Forgot Password
Pentax Camera Forums Home
 

Reply
Show Printable Version Search this Thread
03-30-2013, 10:18 AM - 1 Like   #1
Site Supporter
JimJohnson's Avatar

Join Date: Jan 2012
Location: Lake Superior - Michigan
Photos: Gallery
Posts: 2,249
Spring at last!

Both of the images below were shot with my K-r and a Pentax F35-70, auto-focus, aperture priority (f/4.5) to force a high shutter speed to capture the drips of water falling from the icicles hanging from our roof.

The images were taken from my home-office window through two 100+ year-old panes of plate glass that haven't been cleaned for six months. Distortion free glass for a residence wasn't common in the early 1900's, and trust me, both panes have plenty of distortion.

Attached Images
 
View Picture EXIF
PENTAX K-r  Photo 
03-30-2013, 10:37 AM   #2
Veteran Member
Docrwm's Avatar

Join Date: Sep 2010
Location: Somewhere in the Southern US
Photos: Gallery | Albums
Posts: 11,275
Very nice. Glass is a semi-solid and the glass was reasonably distortion free 100 years ago, but over time it has flowed downward due to the unrelenting pull of gravity and its nature.
03-30-2013, 03:43 PM   #3
Site Supporter




Join Date: Oct 2012
Location: Edina, MN
Posts: 248
QuoteOriginally posted by Docrwm Quote
Very nice. Glass is a semi-solid and the glass was reasonably distortion free 100 years ago, but over time it has flowed downward due to the unrelenting pull of gravity and its nature.
I think that's what's also happened to my physique - maybe it's not 100 years, but the unrelenting pull of gravity has had its effect.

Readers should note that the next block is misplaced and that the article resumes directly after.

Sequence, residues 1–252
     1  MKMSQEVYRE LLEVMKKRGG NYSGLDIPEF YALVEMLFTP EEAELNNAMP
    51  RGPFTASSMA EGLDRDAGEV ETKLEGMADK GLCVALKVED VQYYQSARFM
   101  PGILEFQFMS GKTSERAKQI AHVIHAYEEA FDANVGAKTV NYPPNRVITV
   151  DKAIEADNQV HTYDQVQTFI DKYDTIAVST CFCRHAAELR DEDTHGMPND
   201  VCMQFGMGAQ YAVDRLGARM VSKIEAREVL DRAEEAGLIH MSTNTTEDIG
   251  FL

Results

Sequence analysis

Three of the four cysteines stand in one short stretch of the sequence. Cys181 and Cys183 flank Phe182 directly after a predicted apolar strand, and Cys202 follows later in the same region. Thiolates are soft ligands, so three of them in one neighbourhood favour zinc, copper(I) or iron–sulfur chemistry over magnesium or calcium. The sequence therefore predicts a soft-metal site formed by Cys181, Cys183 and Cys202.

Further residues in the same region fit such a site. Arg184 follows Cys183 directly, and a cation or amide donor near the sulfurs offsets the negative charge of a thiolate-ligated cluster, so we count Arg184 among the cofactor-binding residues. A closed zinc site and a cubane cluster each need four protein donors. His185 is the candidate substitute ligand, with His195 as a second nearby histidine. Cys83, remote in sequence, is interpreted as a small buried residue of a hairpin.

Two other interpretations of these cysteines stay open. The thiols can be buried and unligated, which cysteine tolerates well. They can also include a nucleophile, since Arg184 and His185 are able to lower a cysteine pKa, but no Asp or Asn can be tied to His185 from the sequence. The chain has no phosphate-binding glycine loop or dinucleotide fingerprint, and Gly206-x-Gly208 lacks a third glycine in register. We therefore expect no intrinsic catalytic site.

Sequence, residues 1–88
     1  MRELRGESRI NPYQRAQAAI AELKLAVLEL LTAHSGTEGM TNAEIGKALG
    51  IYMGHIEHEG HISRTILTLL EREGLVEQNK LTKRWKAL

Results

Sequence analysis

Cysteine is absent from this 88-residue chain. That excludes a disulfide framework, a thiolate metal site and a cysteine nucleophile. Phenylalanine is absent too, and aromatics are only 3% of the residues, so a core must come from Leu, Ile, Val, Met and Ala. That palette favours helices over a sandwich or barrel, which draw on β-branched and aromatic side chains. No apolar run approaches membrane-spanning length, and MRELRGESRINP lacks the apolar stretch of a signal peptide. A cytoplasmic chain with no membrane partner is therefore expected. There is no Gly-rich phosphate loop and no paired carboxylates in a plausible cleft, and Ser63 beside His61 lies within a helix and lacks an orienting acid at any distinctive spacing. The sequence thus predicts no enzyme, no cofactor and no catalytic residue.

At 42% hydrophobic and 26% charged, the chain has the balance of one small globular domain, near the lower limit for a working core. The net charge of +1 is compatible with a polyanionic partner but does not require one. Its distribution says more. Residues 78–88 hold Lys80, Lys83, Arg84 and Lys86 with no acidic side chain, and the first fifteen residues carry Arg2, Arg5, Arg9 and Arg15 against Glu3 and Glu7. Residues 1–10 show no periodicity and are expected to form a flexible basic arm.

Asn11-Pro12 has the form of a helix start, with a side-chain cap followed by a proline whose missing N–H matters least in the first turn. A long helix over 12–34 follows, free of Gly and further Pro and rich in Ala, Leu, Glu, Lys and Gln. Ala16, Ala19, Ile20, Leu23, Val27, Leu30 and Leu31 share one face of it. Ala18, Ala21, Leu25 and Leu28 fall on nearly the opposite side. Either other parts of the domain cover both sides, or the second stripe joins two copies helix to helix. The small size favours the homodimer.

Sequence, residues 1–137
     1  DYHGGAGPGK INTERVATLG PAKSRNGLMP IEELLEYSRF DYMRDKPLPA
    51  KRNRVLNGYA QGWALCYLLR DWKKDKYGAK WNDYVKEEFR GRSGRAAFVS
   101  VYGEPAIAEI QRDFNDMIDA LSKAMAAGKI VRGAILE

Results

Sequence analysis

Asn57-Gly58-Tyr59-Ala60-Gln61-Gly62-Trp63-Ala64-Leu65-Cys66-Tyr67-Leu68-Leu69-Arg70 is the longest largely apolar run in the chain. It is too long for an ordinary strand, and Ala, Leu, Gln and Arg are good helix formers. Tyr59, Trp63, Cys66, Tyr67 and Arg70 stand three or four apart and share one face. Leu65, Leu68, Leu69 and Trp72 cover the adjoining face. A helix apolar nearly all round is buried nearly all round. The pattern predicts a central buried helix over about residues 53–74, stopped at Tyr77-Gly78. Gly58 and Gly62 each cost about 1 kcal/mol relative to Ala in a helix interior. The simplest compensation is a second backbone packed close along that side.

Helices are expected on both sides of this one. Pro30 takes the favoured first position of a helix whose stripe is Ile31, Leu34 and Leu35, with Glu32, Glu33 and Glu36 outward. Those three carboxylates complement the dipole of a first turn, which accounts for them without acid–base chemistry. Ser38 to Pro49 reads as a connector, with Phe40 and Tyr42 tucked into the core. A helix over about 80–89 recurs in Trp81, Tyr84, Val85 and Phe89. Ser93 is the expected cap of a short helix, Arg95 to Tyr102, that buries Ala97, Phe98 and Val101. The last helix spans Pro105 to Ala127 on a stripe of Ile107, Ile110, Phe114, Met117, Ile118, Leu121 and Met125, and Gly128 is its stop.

;-)

By the way, nice pics - brings back memories of when we lived in a house here in Minnesota - the joys of icicles and ice dams. Now we live in an apartment, so I don't have to worry about water backing up into the roof.
03-30-2013, 06:44 PM - 1 Like   #4
Site Supporter
JimJohnson's Avatar

Join Date: Jan 2012
Location: Lake Superior - Michigan
Photos: Gallery
Posts: 2,249
Original Poster
QuoteOriginally posted by Docrwm Quote
Very nice. Glass is a semi-solid and the glass was reasonably distortion free 100 years ago, but over time it has flowed downward due to the unrelenting pull of gravity and its nature.
Umm, yes glass is actually a liquid and it does flow in the direction of gravity - but most of the distortion in this house's original glass is due to the manufacturing techniques commonly used for residential glazing in the early 1900's rather than gravity. You can purchase new glass made using 100 year-old methods to replace the glass in historic structures. Such glass will have distortion similar to that in my home. If gravity worked that fast on glass, some of my antique cameras would be unusable. You can find examples of gravity distorted glass, but it has been in place much longer than the glass in my home.

But while we are on the topic, here is an experiment that has been in continuous operation on a high viscosity fluid since 1927: The Pitch Drop Experiment | School of Mathematics and Physics

04-01-2013, 10:42 AM   #5
Site Supporter